During the hours and years he has spent inside yoga rooms he has become steeped in the tradition and he has achieved a demeanor that is reassuringly supportive in ways that recall Guruji’s presence.

When with Tim you feel you are firmly anchored in a safe harbor and that, with his teachings in mind, you will feel more firmly protected when you journey into unpredictable, changing seas of rigorous, daily practice. You feel that in the important matters of yoga, he knows the direction we all need to be steering our selves. You feel relieved to have a guide who has helped thousands of people walk along the hilly, winding yogic road to the gates of self-study.

Tim’s seat within the lineage is that of a heavyweight (not literally, Tim!)—like the meaning of the word Guru, weighty, stable, Tim is able to support, embrace and carry the formidable weight of the shakti, spiritual, healing energy that is generated by serious students of ashtanga in any given session.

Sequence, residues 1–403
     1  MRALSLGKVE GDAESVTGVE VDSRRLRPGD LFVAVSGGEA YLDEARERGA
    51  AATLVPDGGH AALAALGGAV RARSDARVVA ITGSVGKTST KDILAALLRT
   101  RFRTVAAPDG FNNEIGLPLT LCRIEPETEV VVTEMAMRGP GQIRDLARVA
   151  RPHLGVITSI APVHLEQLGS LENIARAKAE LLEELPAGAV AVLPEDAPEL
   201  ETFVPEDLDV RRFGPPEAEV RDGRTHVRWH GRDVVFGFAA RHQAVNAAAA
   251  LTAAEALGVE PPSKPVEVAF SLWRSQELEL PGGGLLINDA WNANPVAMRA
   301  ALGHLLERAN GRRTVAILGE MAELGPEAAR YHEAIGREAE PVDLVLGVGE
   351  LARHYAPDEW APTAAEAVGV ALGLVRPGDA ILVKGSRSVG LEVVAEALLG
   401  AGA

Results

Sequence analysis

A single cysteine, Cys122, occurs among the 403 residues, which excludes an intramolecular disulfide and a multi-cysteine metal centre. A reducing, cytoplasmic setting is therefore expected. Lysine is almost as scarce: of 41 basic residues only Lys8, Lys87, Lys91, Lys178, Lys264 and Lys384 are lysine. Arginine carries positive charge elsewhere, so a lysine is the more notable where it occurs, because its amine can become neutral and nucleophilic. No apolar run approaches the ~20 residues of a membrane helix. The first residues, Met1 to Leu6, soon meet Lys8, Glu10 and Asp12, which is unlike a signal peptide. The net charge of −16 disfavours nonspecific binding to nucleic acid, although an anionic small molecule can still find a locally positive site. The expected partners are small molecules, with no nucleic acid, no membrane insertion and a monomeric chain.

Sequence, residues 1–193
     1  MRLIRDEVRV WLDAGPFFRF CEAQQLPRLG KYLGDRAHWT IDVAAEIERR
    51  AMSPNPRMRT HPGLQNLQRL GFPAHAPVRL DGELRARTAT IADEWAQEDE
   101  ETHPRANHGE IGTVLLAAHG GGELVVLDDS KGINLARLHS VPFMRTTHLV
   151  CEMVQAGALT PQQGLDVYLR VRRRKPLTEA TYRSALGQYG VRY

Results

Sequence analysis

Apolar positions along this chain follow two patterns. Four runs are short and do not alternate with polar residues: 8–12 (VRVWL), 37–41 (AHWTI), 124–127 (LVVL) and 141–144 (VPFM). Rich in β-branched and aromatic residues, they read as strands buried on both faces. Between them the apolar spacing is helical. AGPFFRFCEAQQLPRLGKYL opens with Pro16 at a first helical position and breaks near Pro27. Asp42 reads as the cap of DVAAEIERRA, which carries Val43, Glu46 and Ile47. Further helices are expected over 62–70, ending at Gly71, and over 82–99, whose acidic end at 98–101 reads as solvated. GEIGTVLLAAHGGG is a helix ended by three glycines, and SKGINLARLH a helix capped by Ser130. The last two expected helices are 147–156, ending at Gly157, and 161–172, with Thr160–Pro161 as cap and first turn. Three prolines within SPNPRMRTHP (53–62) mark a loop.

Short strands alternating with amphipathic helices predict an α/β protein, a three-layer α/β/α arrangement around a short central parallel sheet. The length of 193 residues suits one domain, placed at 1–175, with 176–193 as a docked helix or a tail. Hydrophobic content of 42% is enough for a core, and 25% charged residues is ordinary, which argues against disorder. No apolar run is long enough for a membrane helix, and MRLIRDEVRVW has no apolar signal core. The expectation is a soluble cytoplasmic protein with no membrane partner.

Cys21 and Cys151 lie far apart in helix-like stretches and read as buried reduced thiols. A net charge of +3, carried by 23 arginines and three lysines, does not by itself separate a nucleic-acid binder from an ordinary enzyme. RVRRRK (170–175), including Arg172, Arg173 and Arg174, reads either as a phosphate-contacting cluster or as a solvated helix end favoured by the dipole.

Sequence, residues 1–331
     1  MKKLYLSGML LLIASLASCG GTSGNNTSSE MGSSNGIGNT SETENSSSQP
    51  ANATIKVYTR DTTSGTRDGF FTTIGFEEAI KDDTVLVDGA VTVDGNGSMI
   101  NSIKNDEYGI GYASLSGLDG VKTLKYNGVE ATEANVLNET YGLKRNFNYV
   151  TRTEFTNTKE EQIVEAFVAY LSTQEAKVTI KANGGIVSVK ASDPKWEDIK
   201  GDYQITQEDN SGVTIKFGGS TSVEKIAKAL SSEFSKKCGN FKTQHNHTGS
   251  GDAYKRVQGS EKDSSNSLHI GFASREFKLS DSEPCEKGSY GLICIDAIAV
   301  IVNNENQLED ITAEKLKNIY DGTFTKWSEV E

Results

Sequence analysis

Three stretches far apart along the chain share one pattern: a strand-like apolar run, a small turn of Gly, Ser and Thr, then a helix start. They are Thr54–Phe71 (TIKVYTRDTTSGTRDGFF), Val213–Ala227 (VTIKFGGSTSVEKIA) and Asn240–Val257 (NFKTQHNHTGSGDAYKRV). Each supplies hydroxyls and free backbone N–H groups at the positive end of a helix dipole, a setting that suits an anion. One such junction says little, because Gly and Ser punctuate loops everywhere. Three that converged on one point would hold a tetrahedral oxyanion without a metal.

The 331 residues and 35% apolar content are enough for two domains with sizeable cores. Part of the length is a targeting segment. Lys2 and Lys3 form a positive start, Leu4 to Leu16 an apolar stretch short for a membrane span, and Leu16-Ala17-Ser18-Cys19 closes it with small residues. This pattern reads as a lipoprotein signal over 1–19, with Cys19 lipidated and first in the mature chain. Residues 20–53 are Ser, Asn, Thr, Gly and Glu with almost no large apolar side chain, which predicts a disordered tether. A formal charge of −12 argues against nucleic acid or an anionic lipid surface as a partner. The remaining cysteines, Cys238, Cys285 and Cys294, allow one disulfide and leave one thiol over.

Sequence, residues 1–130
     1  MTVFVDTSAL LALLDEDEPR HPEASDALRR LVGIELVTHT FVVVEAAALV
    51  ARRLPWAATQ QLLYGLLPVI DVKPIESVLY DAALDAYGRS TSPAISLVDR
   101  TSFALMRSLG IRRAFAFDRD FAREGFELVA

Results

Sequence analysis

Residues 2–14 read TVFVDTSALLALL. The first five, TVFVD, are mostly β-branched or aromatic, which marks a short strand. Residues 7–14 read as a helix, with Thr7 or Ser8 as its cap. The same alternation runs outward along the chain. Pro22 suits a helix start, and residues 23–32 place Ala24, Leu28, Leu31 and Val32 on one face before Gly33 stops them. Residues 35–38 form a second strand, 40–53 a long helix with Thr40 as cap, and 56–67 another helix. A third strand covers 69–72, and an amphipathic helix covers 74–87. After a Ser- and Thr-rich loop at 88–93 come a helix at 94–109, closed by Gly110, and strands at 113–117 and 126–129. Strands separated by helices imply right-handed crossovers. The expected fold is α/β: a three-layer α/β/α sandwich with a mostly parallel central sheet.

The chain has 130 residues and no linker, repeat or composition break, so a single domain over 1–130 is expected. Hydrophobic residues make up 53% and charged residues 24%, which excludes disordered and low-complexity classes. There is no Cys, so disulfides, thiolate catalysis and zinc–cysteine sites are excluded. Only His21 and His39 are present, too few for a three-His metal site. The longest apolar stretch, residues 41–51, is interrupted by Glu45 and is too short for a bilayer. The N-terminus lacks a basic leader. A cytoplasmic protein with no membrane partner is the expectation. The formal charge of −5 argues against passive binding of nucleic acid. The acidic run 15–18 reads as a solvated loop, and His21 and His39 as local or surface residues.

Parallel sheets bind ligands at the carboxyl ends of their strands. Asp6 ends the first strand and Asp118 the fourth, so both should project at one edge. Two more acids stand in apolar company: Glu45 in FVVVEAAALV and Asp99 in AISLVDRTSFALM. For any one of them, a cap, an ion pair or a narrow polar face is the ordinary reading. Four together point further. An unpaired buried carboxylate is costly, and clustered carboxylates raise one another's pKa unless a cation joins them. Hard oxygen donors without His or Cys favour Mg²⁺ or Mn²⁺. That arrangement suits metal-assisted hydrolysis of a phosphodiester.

Tim Miller adjusting John Vitarelli of Dhyana Yoga

Tim shares Guruji’s love of the yoga sutras and other sacred texts, and is fond of indian myths and teaching stories.

He even tells some of the same stories Guruji used to tell and in that way he is not only passing on the lineage through teaching the sequences of asanas but also through retelling Guruji’s stories, that might otherwise be lost. These stories provide important imagery and context for the practice, they help convey the purpose, paradox and humor of practice. They also disarm you, keep you on track and are ever aiming for the proper fruits of your efforts.